A free mobile phone app is behind the public science project

A mobile phone app called Secchi has been launched to allow

thousands of seafarers around the world to take part in a global study of

plankton.

The unique public science project will measure the amount of

phytoplankton – the minute organisms that are at the very start of the ocean’s

complex food chain.

Scientists fear the population of the microscopic beings is

in decline due to rising sea temperatures.

If true, a lack of phytoplankton could have consequences for

every aspect of marine life as there would be less food around to support the

marine food chain.

To check the levels of phytoplankton in our oceans, marine

experts have developed a smart phone app for sailors and fishermen around the

world to use.

Because the phytoplankton – that are each thinner than a

strand of human hair – exist at the sunlit sea surface, mariners will need to

carry out a simple experiment using an easy to make, 30cm diameter, white disk

known as a Secchi Disk.

Attached to a measuring tape, the Secchi Disk is lowered

over the side of a boat and the depth at which it disappears from sight

estimates the amount of phytoplankton in the sea.

This depth is then uploaded to a database using the Secchi

app.

The scientists, based at Plymouth University, hope to build

up a map of the oceans that charts the seasonal and annual changes of

phytoplankton from now and into the future.

The free app is called Secchi after Father Pietro Angelo

Secchi, an astronomer who invented the disk device in 1865 to measure water

turbidity in the Mediterranean.

The project is being led by Dr Richard Kirby, a plankton

biologist at the Plymouth University’s Marine Institute.

He said: ‘As the phytoplankton live at the surface of

the sea they are being affected by rising sea temperatures due to climate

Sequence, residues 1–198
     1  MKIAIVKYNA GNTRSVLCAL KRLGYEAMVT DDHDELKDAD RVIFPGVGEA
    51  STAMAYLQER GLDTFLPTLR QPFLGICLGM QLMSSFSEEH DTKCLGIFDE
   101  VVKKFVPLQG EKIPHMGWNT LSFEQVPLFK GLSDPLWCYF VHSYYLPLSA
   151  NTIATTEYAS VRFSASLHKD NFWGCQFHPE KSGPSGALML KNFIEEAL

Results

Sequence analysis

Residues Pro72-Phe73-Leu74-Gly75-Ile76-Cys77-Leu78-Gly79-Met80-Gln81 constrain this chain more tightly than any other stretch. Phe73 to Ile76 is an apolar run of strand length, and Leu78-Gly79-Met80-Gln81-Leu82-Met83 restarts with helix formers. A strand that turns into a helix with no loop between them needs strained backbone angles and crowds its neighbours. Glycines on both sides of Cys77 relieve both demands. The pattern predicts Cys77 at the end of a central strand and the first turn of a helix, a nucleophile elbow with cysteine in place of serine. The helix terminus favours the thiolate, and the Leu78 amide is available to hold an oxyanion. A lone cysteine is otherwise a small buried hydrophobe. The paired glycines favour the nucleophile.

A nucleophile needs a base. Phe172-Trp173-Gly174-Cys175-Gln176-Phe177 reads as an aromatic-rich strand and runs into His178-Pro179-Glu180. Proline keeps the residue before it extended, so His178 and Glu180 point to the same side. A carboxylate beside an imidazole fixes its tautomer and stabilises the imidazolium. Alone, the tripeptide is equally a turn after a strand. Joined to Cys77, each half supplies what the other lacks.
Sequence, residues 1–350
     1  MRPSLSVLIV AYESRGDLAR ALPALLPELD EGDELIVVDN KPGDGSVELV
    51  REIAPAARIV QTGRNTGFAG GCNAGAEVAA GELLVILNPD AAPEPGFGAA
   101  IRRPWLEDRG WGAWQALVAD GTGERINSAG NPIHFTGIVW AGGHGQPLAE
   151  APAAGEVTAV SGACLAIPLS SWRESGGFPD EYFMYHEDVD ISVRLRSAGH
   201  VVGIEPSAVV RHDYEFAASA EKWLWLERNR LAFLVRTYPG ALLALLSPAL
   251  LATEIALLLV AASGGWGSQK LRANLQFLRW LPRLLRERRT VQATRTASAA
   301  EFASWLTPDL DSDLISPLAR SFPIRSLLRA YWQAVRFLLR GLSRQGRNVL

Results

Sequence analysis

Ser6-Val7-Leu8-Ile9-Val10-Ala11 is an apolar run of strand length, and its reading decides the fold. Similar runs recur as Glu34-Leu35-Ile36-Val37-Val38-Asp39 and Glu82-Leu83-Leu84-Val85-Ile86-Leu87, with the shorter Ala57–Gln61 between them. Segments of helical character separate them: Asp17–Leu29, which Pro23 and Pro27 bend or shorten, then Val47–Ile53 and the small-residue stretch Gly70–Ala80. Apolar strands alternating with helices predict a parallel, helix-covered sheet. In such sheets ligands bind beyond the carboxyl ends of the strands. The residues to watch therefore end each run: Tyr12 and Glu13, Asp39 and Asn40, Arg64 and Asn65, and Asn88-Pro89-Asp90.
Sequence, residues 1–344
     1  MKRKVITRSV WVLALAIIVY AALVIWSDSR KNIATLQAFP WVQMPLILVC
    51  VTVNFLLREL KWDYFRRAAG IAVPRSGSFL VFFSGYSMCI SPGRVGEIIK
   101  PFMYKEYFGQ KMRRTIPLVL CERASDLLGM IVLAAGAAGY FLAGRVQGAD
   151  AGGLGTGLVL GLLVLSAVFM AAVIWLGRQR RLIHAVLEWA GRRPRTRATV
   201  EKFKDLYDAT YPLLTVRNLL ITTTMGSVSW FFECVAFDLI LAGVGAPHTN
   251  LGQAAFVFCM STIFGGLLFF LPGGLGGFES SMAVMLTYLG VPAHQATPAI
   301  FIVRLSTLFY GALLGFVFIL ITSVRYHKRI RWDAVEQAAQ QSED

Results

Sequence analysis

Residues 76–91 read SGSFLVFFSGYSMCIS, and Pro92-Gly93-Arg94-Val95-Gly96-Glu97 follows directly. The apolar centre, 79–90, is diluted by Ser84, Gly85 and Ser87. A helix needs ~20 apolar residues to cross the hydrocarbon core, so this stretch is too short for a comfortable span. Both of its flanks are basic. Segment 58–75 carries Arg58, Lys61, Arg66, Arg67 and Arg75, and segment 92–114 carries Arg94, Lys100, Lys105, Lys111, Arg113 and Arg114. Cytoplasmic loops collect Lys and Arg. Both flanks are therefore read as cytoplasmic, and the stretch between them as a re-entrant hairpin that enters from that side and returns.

change.

‘A scientific paper published last year suggested that

since the industrial revolution the ocean’s plankton population had declined by

as much as 40 percent since 1950.

‘We need to know more about how the phytoplankton are

changing in order to understand the effects on the ocean’s biology.

‘Phytoplankton underpins the marine food chain, without

it the seas would be a barren wilderness.

‘Like all marine creatures, phytoplankton have a

preferred optimum sea temperature no matter where they are in the world and

therefore they will either move to different areas or decrease in number if the

sea temperature changes.

‘The Secchi Disks are still used by marine scientists

to study phytoplankton but there are too few scientists to survey the world’s

oceans as well as we would wish.’

He added:’This app enables seafarers around the world to take

part in a science project.

‘If we can just get a small percentage of the global

population of sailors involved we can generate a database that will help us

understand how life in the oceans is changing.

‘It would help us learn much more about these important

organisms at a crucial time when their habitat is altering due to climate

change.’

Sailors are encouraged to take a Secchi Depth reading

whenever and wherever they can.

Professor Sam Lavender, whose company Pixalytics Ltd is

maintaining the Secchi Disk database, said: ‘We hope that all seafarers,

whether a sailor or angler, will enjoy taking part and will see how easily they

can help create a truly unique and important scientific database for future

research.’

Over time, the interactive data set will be linked with

satellite remote sensing data of ocean colour to create a resource for both the

general public and scientists alike.

Dr Nicholas Outram, developer of the iOS smartphone app

said: ‘Our goal was to make the Secchi app as simple to use as possible

when at sea.

‘It will upload the data you collect automatically to

the Secchi Disk database when you reach port and get a network

connection.’

Find out more at www.secchidisk.org or visit the Facebook page.